The interior of the Cartier store at Hudson Yards in New York City.

A majority of luxury executives see a deceleration for the fashion business this year, according to a November McKinsey report. Now a recent survey from Gartner reveals how this “slowdown” is igniting more investments by luxury brands into digital channels and e-commerce.

According to Gartner’s latest Luxury Digital IQ Index Reports for the U.S. and Europe — which covers fashion, jewelry and watches — nearly 40 percent of the chief marketing officers surveyed expect to throw more money at digital advertising and social media in the face of economic uncertainty.

That pendulum of uncertainty swings wide. While they believe a slowdown is in the works, they also see opportunity, thanks to a growing economy and strong consumer spending.

The solution? Double down on digital.

Brands that Gartner has been tracking spent 27 percent more on paid social media impressions year-over-year, and placed Google Shopping ads on 24 percent more product searches. E-commerce initiatives saw a boost as well, notably in areas like free delivery, returns shipping and media assets for product pages.

These companies also posted more on Instagram Stories, with frequency jumping 54 percent year-over-year. Casual content such as behind-the-scenes videos, they noted, beat brand campaign and runway videos.

For the researchers, the takeaway seems clear: “These investments reflect luxury brands’ increasing focus on direct retail sales and reducing dependency on struggling department stores,” Gartner wrote.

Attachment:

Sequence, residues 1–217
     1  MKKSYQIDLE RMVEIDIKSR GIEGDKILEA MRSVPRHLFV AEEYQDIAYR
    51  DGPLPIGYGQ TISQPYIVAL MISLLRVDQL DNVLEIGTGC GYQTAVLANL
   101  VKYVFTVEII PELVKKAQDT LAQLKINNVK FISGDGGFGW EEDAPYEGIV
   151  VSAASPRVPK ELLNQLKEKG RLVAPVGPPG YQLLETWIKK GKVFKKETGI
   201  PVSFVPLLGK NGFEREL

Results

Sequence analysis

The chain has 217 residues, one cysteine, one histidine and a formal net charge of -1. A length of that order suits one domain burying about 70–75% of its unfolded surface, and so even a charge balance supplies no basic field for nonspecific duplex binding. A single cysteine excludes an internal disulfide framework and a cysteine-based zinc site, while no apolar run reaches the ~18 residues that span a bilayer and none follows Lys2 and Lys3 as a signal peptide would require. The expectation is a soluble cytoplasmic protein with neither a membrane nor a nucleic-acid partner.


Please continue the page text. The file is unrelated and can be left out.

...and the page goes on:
One-page mobile checkouts grew by 15 percent compared to the year before. But with conversion rates — i.e., the proportion of visitors who actually purchase — still “far behind desktop, brands are missing opportunities to optimize mobile sites for in-store conversion and underinvesting in omnichannel ad formats,” the report continued.

Given the findings, Gartner has a few words of advice: Focus less on formal content and more on “less-polished” and platform native content; post them more often in places like Instagram Stories and YouTube; and start looking into TikTok. In ads, emphasize what sets the brand apart from competitors.

And finally, make sure investments made online support offline. In other words, emphasize local shopping when investing in online shopping ads.

Gartner data shows that, during the last recession, executives regretted acting too slowly and investing too little. Today — as options, tools and platforms continually change, along with consumer expectations — they don’t want to make the same mistakes.

“Cartier and Tiffany & Co. can be seen continuously evolving their search executions, Gucci and Burberry are innovating on how products are released online and LVMH is shifting the social content strategy across its largest brands,” the report said.

“Louis Vuitton and Dior in particular have quickly diversified beyond the traditional luxury approach of polished ads and red-carpet events to digitally native content,” it continued. “Gen Z consumers present a huge opportunity for luxury brands, and those that can adapt to more informal, platform-specific strategies will be best aligned to win their favor, and further, can better set the stage ahead for growth and resilience.”

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